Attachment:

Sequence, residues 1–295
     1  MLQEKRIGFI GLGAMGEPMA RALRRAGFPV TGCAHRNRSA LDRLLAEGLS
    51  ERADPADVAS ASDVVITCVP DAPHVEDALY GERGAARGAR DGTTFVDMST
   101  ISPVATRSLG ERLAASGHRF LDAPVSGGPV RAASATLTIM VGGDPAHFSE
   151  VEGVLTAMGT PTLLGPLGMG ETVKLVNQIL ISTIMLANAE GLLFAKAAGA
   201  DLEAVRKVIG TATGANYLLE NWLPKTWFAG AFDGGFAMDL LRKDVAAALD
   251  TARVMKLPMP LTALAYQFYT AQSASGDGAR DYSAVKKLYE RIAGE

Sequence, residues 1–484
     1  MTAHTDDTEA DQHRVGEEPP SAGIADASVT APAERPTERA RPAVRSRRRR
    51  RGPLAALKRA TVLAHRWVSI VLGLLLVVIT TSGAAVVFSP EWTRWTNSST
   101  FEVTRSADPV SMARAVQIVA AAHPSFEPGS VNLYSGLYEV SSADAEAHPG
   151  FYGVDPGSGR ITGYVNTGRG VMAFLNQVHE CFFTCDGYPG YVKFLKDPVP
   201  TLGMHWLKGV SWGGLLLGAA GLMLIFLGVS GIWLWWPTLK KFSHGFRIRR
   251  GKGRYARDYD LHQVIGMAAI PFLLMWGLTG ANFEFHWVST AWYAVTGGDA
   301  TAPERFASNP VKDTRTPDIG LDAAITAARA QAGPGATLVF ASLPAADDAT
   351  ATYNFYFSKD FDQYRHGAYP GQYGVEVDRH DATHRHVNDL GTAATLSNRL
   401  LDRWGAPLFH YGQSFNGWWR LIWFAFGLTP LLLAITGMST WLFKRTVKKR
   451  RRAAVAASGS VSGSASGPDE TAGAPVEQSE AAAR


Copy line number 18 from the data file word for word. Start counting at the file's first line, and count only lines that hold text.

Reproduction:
   451  RRAAVAASGS VSGSASGPDE TAGAPVEQSE AAAR